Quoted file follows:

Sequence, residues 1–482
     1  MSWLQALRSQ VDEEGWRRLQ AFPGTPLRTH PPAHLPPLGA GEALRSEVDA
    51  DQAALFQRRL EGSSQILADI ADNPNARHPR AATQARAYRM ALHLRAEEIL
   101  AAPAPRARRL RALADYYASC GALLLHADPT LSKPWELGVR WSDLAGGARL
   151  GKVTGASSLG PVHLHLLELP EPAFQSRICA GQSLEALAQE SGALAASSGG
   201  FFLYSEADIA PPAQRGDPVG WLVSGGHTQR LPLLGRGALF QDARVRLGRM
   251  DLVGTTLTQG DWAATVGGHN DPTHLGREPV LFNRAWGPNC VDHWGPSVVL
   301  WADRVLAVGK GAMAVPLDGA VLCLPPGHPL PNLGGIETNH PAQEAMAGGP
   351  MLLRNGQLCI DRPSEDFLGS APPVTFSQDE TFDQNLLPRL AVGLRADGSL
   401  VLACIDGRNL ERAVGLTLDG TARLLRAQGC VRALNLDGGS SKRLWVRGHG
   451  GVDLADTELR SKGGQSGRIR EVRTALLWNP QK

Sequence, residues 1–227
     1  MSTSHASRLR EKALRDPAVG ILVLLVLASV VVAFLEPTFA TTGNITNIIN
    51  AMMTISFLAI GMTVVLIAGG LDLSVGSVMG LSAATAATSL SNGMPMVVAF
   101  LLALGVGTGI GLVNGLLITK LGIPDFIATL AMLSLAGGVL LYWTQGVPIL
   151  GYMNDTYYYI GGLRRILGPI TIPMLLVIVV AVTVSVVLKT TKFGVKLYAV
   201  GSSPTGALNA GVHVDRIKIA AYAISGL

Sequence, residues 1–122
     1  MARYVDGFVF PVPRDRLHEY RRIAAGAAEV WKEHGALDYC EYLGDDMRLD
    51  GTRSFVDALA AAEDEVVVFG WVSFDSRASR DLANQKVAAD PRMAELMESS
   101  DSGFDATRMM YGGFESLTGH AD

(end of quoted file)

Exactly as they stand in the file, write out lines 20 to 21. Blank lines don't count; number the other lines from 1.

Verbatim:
    51  GTRSFVDALA AAEDEVVVFG WVSFDSRASR DLANQKVAAD PRMAELMESS
   101  DSGFDATRMM YGGFESLTGH AD